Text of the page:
Suitings

Suitings is fabric of a suitable quality for making suits, trousers, jackets, and skirts.  In other words, suitings are fabrics used to make suits.

In clothing, a suit is a set of garments made from the same cloth, usually consisting of at least a jacket and trousers.

Originally, as with most clothes, a tailor made the suit from his client's selected cloth; these are now often known as bespoke suits. The suit was custom made to the measurements, taste, and style of the man. Since the Industrial Revolution, most suits are mass-produced, and, as such, are sold as ready-to-wear garments (though alteration by a tailor prior to wearing is common). Currently, suits are sold in roughly four ways:

bespoke, in which the garment is custom-made by a tailor from a pattern created entirely from the customer's measurements, giving the best fit and free choice of fabric.

made to measure, in which a pre-made pattern is modified to fit the customer, and a limited selection of options and fabrics is available.

ready-to-wear or Pret-a-porter or off-the-peg, which is sold ready to be tailored.

suit separates where jacket and trousers are sold separately, allowing a customer to choose the size that is best for them and limit the amount of alterations needed.

Suits are made in a variety of suiting fabrics, but most commonly from wool. The two main yarns produce worsteds (where the fibres are combed before spinning to produce a smooth, hard wearing cloth) and woollens (where they are not, thus remaining comparatively fluffy in texture). These can be woven in a number of ways producing flannel, tweed, gabardine, and fresco among others. These fabrics all have different weights and feel, and some fabrics have an S (or Super S) number describing the fineness of the fibres measured by average fibre diameter, e.g., Super 120; however, the finer the fabric, the more delicate and thus less likely to be long-wearing it will be. Although wool has traditionally been associated with warm, bulky clothing meant for warding off cold weather, advances in making finer and finer fibre have made wool suits acceptable for warmer weather, as fabrics have accordingly become lighter and more supple. Wool fabric is denominated by the weight of a one-square yard piece; thus, the heavier wools, suitable for winter only, are 12-14 oz.; the medium, "three season" (i.e., excluding summer) are 10-11 oz.; and summer wools are 7-8 oz. (In the days before central heating, heavier wools such as 16 oz. were used in suits; now they are used mainly in overcoats and topcoats.) Other materials are used sometimes, either alone or blended with wool, such as cashmere.  Silk alone or blended with wool is sometimes used. Synthetic materials, while cheaper, e.g., polyester, are very rarely recommended by experts. At most, a blend of predominantly wool may be acceptable to obtain the main benefit of synthetics, namely resistance to wrinkling, particularly in garments used for travel; however, any synthetic, blended or otherwise, will always be warmer and clammier than wool alone.[citation needed] For hot weather, linen is also used, and in (Southern) North America cotton seersucker is worn. The main four colours for suits worn in business are black, light grey, dark grey, and navy, either with or without patterns.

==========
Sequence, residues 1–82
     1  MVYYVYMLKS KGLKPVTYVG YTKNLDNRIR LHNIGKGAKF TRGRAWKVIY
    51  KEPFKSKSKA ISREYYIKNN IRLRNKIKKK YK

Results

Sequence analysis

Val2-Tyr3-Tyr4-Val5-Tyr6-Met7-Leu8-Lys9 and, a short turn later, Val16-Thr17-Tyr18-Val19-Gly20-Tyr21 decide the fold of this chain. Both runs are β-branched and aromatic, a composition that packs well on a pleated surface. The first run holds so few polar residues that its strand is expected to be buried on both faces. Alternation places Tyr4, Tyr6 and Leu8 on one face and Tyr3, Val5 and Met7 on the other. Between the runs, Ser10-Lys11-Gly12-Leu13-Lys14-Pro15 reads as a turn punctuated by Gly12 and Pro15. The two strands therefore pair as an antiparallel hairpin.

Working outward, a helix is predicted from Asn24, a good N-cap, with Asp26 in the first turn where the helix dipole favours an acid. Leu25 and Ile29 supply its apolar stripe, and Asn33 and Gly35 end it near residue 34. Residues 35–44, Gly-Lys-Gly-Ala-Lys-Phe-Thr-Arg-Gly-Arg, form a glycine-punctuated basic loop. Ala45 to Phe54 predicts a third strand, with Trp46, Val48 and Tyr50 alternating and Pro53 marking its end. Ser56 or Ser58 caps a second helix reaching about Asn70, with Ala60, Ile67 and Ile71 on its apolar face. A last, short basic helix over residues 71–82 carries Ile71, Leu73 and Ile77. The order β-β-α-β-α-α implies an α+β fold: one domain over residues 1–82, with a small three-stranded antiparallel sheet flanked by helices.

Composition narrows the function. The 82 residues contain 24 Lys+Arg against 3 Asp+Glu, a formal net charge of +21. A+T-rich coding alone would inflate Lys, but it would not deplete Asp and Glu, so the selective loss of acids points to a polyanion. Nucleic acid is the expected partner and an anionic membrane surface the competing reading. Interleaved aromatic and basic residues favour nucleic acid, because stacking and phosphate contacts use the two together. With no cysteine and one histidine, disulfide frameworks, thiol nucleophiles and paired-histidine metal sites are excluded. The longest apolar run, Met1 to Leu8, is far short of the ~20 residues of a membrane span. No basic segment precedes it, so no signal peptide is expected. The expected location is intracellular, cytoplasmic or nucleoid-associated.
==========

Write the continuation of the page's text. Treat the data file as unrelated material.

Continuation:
Inside the jacket of a suit, between the outer fabric and the inner lining, there is a layer of sturdy interfacing fabric to prevent the wool from stretching out of shape; this layer of cloth is often called the canvas after the fabric from which it was traditionally made. It can also be called interfacing or interlining.  Expensive jackets have a floating canvas, while cheaply manufactured models have a fused (glued) canvas.

Learn about suiting fabrics on the Fashion Blog.

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